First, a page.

I've often heard it suggested that writing is more important in comic strips than drawing. In fact, here's a quote from the King Features Syndicate submissions page:
"Second, we very carefully study a cartoonist’s writing ability. Good writing helps weak art, better than good art helps weak writing."
As someone who is constantly looking at, thinking about and creating comics, I can tell you that this is total bunk. While it's true that the foundation of a comic is often (but not always) the writing, and the drawing doesn't have to be realistic or beautiful, terrible drawing — or drawing that just doesn't work with the writing — can kill a comic just as thoroughly as a poorly turned phrase.
Saying that writing is more important than drawing in comics is like saying that writing is more important than performance in stand-up comedy. This just isn't true. Go to some open-mics and you'll quickly see that a beautifully crafted joke can easily be killed by terrible delivery, and vice-versa. In comics, the drawing is like the performance of a stand-up comedian. It can enhance, detract or add nothing to the writing.
Working on a recent Malcontent I was again reminded how a drawing can make or break a comic.
Malcontent brand webcomics almost always begin with writing. Usually two or three lines of text, but sometimes only one. These one-sentence Malcontents can be the hardest to draw. The drawing has to add something to the writing or the whole thing tends to flop. Often I'm lazy about it and rely on the facial expression of my protagonist to convey the idea and, thus, some of the humor. But the best one-liners are the ones where the drawing adds a new dimension to the idea set forth in the written text.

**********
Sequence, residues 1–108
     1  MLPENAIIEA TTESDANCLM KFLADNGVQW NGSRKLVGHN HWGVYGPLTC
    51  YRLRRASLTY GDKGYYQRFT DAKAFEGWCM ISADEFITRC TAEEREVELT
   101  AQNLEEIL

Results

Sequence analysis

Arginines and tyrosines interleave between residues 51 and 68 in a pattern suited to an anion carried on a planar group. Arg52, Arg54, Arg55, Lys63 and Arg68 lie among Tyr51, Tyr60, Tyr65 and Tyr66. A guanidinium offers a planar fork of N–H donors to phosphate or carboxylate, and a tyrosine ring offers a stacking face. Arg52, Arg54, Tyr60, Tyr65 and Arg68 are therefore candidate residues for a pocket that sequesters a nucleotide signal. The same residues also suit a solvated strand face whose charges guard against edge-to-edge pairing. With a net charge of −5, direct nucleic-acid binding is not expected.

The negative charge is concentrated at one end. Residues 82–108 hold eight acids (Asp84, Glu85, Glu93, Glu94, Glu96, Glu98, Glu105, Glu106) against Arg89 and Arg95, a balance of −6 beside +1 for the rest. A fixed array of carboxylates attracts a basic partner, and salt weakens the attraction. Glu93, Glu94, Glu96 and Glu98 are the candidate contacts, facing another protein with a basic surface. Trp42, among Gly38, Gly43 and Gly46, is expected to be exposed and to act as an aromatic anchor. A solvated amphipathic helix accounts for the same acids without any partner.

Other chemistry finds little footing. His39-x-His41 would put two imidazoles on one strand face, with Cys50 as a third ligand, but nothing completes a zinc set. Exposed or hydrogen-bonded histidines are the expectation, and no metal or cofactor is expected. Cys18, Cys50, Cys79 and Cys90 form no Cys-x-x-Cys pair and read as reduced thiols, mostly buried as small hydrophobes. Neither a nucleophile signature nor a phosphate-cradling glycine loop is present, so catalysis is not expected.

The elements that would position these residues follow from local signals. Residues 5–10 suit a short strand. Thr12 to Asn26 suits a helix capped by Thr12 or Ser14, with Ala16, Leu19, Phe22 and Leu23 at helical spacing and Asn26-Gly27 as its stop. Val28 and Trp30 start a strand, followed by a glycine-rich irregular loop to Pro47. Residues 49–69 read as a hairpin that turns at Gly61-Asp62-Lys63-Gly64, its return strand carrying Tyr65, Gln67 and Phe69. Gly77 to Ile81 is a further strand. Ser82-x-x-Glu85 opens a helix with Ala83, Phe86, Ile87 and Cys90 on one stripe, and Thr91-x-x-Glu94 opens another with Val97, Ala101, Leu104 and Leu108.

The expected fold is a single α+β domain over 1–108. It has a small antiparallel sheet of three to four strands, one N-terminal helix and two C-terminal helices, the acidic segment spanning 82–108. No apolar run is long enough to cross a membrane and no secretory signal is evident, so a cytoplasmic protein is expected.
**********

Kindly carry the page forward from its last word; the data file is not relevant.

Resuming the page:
To wit, I recently set to work on a Malcontent that consisted of the following line:
"But if you have a cheeseburger you're already in paradise."
That's it, that's the whole gag. It's a pretty funny line on its own, but the drawing will make or break this one. Here was my first attempt:
Here you can see that the drawing just kills the joke. It's static and has no attitude whatsoever. It merely illustrates the most basic elements of the scene: a guy listening to the radio. There's nothing inherently funny about that scene; there's nothing inherently funny about the drawing. There's no emotion to this drawing, no perspective. It's just observation. It's flat. It's decidedly unfunny.
Now here's my second attempt:
This is much better for a bunch of reasons. First of all, there's movement, it's kinetic, it's fun to look at. Secondly, the drawing is funny: the dancing figure in contrast with the static one is a good visual gag. Also, the scene is funnier: this is a scene of two people dancing, but one has stopped to make an observation, which creates tension and drama lacking in the earlier image.
But most importantly, this drawing adds something to the humor, to the story, to the whole of the piece. It adds another dimension. Now it's not just a funny line, but it's about a character. This character can't enjoy himself because he gets too wrapped up in minutia. It speaks to the relationship between these characters as well. While he gets bogged down by details, she happily keeps dancing along. She doesn't let him get her down.
This drawing does something for the comic, where the other did nothing. And that's what I would like to strive for in every comic. I often fail at this. But it really helps to try and come up with multiple takes on a comic idea, rather than settling on the first one.
But the fact remains: drawing and writing in comics are equal partners, each complimenting the other. When either element is off, the comic tends to suffer or even fail; but when both are on it's a thing of beauty.